In the 2020s When you see a sci-fi movie stacked with a bunch of Hollywood A-lists, there’s at least a 50 percent chance that you’re dealing with some kind of franchise — an MCU flick, maybe, or at least a powerhouse how dune. In other words, it seems unlikely that a film like this would be made today. Or, if it were, that it was anything but a prestigious Amazon Prime sci-fi series, with a much less star-studded cast.
However, Neill Blomkamp’s sequel followed in 2013 district 9 had the star power to spare. The movie just came out on Netflix too, and it’s better than you remember.
With Matt Damon and Jodie Foster, Elysium has not only touted two Hollywood stars, but also future sci-fi icons Diego Luna (Cassian in Star Wars: Andor, Rogue One) and Adrian Holmes (Robert April in Star Trek: Strange New Worlds.) Watching it today, it’s hard to understand why this film hasn’t been watched anymore. Although Damon would briefly become the official “serious sci-fi movie actor.” Interstellar (2014) and The Martian (2015), of these three consecutive films, it is the best Elysium — even if Interstellar is the slightly better movie.
Elysium depicts a fairly simple (and somewhat plausible nowadays) future scenario: most of Earth’s people live in extreme poverty, while the rich and privileged relax in a beautiful space station called Elysium. In addition to the huge wealth gap between the privileged few and the miserable majority, Blomkamp’s screenplay also articulates health Gap. It turns out that miraculous medicines are among the resources hoarded by the people of Elysium. This disparity sets the plot in motion as Max (Damon) has to heal from severe radiation poisoning. What follows is a pretty straight forward heist in which Max makes a deal with a hacker named Spider (Wagner Moura) to sneak into Elysium and get cured. Straight out in a cyberpunk twist johnny mnemonics, There is also some secret data in Max’s head that everyone is obsessed with.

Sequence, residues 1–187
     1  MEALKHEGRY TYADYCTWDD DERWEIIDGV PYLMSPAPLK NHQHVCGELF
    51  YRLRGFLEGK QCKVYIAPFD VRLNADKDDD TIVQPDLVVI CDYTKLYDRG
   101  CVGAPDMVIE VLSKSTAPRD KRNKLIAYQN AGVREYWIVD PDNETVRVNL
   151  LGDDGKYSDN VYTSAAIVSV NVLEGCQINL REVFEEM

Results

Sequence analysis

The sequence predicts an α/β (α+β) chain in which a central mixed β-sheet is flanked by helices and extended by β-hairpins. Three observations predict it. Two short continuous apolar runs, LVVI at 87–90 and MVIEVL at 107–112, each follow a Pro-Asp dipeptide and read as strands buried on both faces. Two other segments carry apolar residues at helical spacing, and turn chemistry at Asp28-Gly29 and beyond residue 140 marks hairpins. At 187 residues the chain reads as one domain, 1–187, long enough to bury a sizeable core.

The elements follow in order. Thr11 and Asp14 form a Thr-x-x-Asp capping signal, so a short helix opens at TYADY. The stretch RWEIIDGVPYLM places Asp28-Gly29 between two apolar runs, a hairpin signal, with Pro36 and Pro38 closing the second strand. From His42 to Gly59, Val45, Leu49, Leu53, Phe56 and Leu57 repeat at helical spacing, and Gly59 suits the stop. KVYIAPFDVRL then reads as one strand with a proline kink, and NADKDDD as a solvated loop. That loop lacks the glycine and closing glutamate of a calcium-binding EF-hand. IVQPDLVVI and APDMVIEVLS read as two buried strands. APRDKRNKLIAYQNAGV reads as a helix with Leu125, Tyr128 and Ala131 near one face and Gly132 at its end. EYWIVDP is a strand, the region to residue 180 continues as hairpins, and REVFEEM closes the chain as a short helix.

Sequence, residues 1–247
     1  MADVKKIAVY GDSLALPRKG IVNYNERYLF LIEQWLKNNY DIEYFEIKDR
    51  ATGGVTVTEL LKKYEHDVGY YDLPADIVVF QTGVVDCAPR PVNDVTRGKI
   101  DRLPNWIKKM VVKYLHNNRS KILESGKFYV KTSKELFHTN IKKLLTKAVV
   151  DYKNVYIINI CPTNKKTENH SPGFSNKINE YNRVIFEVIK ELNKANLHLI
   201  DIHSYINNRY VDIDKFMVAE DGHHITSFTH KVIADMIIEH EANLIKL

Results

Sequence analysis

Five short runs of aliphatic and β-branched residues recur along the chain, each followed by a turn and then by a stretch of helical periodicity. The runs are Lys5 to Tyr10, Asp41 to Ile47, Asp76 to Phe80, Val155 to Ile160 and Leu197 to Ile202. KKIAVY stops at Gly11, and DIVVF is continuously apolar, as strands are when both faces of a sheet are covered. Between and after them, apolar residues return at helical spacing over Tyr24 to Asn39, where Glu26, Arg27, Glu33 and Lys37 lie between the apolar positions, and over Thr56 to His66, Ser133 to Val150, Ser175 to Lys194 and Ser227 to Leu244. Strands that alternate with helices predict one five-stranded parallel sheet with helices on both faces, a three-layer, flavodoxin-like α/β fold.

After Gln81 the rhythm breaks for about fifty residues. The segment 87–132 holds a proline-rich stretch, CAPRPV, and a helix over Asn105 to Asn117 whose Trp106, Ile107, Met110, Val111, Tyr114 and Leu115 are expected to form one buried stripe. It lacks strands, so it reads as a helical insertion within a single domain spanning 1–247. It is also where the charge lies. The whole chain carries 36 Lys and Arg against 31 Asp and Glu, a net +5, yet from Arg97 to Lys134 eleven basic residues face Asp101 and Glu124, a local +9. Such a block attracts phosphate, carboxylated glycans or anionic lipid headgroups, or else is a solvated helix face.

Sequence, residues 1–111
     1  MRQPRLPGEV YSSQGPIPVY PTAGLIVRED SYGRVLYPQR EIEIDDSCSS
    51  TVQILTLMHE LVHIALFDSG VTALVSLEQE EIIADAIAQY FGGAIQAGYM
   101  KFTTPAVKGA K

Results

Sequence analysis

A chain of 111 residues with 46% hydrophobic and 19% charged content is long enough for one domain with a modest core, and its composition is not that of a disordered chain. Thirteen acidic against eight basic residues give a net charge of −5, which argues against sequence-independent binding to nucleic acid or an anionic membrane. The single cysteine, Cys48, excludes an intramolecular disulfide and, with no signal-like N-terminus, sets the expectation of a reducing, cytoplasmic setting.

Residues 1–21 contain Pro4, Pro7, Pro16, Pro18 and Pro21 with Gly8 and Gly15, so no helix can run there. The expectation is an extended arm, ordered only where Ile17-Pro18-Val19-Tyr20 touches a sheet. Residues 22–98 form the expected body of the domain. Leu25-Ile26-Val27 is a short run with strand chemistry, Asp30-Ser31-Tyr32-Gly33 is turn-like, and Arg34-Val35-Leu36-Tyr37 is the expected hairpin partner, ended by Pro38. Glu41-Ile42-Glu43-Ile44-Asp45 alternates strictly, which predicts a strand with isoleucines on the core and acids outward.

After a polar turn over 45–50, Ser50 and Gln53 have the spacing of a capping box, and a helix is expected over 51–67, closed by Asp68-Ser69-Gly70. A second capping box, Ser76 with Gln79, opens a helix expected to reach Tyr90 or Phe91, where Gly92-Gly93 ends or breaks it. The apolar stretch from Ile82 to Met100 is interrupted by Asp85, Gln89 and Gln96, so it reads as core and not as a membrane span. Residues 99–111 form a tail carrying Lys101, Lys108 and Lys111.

Regarding a mainstream sci-fi movie, Elysium feels slightly ahead of its time in that aesthetics predict the look and feel of contemporary shows western world. On the other hand, if you were a cyberpunk fan, Elysium probably felt like a throwback to 2013, complete with familiar imagery from William Gibson novels and The Matrix. There’s a bit of a ’90s hacker movie vibe fused with a space-action vibe that’s at times incongruous. And that despite the fact that Neill Blomkamp’s sci-fi social commentary was spot on district 9the moral history in Elysium is something more in the nose.
But that’s the curse of Elysium: It came out between Blomkamp’s best sci-fi film (District 9) and his absolute worst sci-fi movie (CHAPPIE). This sandwich probably explains why it’s been forgotten – or at least underestimated – all along.
The film’s core holds up surprisingly well, and the performances make up for any inconsistent world-building. It’s hard to argue that we need more stories set in the world of Elysium, there is something appealing about the contrasting aesthetic that Blomkamp presents. The premise of Elysium feels like an old-fashioned sci-fi trope, but the juxtaposition of one human world as clean and perfect and the other as grim and subdued really works here. The film’s resolution feels rushed (no spoilers!), but it’s also hard to imagine a satisfying version of this film ending any differently.
Elysium is an action film in a dystopian cyberpunk setting that Yes, really wants to be an aspiring sci-fi allegory. It doesn’t quite excel in any of those categories, but it doesn’t fail either. It has more heart than western world and more style than The Martian. It’s no masterpiece, but as solid sci-fi cinema goes, Elysium deserves another look.
Elysium now streaming on Netflix.